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Unified workspaces are the convergence of two winding roads. This journey began decades ago, with the introduction of PCs in the enterprise, and, for many years, the way forward seemed clear.
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Work was performed at work locations, using work machines and applications, constituting a person’s “workspace”. Categories of enterprise technology were born and matured. IT teams settled into a known cadence, and, perhaps in some instances, grew complacent.
Then the smartphone arrived, mobility exploded and a new path was discovered. As mobility gained enterprise traction, many new questions surfaced: Are personal devices also work devices? Are these new form factors here to stay? Is work somewhere we go, or is it something we do? Categories of technology that were thought to be entrenched were quickly rendered obsolete. With shocking speed, established suppliers withered and new ones rose to take their place.
Users no longer see mobile as unique – it is simply expected that the present device is the device on which they work.
IT has a responsibility to remove the barriers to mobility by providing applications and data irrespective of form factor and operating system.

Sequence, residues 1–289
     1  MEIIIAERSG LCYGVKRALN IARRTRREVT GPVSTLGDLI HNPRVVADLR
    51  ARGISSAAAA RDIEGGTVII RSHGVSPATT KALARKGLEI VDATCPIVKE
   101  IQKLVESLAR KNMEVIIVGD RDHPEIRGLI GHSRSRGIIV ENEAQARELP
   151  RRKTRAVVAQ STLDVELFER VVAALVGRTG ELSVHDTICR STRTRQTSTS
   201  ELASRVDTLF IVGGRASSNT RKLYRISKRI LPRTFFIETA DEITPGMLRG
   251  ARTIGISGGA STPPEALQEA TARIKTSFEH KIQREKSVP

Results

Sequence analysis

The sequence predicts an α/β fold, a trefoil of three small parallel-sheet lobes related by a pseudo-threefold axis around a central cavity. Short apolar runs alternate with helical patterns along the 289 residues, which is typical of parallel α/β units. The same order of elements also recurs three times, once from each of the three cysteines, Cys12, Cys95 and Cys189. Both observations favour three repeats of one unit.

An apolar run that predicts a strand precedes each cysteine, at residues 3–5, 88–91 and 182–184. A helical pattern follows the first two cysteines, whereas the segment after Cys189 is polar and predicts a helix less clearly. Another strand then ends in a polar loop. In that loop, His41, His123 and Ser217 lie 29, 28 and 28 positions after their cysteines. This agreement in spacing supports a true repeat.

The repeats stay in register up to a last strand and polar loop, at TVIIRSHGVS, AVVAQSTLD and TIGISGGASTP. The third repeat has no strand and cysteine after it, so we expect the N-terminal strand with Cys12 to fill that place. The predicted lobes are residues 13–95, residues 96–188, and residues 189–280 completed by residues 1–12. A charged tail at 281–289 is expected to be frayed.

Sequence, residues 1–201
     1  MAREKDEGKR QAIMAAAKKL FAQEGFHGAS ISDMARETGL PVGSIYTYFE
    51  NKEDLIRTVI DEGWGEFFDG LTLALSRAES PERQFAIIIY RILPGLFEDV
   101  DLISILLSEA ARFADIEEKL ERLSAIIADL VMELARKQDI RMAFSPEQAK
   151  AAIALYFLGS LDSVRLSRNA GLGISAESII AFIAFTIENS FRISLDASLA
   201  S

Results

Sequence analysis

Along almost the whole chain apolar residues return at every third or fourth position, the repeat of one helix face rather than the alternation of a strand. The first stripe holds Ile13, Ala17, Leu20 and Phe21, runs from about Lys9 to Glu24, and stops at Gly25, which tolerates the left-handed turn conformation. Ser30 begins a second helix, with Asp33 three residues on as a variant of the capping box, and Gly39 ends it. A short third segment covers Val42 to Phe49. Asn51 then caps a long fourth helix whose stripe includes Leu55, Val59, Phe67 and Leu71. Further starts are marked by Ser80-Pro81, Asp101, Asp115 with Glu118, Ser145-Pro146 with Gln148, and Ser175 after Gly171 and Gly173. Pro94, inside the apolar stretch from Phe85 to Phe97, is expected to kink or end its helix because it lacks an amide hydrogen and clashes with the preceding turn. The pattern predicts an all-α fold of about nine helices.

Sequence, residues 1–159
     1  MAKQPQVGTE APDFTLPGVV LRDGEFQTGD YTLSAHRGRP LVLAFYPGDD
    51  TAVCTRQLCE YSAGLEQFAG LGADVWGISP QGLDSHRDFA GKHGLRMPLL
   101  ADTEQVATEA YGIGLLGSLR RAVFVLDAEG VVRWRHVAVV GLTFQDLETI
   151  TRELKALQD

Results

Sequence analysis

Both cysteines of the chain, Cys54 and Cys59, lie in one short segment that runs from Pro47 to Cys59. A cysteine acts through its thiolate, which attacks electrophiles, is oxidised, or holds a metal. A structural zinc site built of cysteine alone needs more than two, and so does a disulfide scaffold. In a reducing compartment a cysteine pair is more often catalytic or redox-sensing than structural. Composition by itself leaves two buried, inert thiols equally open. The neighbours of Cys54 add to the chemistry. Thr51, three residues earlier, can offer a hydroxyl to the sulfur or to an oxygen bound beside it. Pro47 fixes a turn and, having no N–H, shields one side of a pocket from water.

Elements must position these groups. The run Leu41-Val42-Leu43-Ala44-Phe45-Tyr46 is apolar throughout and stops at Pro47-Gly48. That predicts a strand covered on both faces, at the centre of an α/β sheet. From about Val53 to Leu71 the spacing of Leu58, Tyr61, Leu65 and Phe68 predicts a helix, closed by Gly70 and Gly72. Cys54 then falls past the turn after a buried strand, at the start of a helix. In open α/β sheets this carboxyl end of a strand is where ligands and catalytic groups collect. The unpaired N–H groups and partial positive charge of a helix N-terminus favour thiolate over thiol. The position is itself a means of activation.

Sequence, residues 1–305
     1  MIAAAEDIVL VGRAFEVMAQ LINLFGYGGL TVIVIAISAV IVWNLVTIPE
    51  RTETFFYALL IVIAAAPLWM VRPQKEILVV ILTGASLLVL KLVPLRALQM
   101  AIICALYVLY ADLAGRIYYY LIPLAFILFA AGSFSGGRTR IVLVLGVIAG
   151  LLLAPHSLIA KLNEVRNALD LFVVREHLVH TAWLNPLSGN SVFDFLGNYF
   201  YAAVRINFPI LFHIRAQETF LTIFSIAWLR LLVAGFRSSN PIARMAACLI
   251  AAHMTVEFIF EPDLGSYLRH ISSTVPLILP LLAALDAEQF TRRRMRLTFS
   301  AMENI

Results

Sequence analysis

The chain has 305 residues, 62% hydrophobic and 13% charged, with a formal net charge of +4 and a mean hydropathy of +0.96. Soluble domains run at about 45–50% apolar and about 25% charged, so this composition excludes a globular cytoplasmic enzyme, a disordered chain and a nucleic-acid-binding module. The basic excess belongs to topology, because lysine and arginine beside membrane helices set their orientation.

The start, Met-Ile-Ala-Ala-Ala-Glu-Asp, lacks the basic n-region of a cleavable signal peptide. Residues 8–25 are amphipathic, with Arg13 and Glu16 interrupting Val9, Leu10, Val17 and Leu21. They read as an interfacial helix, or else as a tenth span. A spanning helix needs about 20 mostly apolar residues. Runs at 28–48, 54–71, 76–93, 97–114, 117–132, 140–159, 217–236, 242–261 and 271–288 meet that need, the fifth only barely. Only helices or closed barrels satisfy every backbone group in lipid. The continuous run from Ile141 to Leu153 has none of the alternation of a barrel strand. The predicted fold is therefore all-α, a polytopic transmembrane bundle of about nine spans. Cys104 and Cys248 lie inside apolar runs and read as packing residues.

In addition, data security measures must incorporate intelligent protection that restricts access to information to only those users, locations, devices and timeframes that adhere to business and IT policy.
Unified workspaces are exactly this: the right applications and information delivered to the right user, on the right devices, at the right time and location. Unified workspaces are not all applications to all devices all the time.
Contextual provisioning forms the backbone of unified workspaces and spans devices, management layers, applications, identity services and back-end systems.
Mapping out the options
For their part, CIOs should strive to understand how unified workspaces expand IT’s original mobility efforts and influence roadmap planning.
The technologies that enable unified workspaces build on many platforms employed in businesses today.
Read more about end user access
Desktop virtualisation, or virtual desktop infrastructure, has come of age, partly thanks to shifts in workplace practices. Employees are increasingly working remotely and need full access to corporate systems.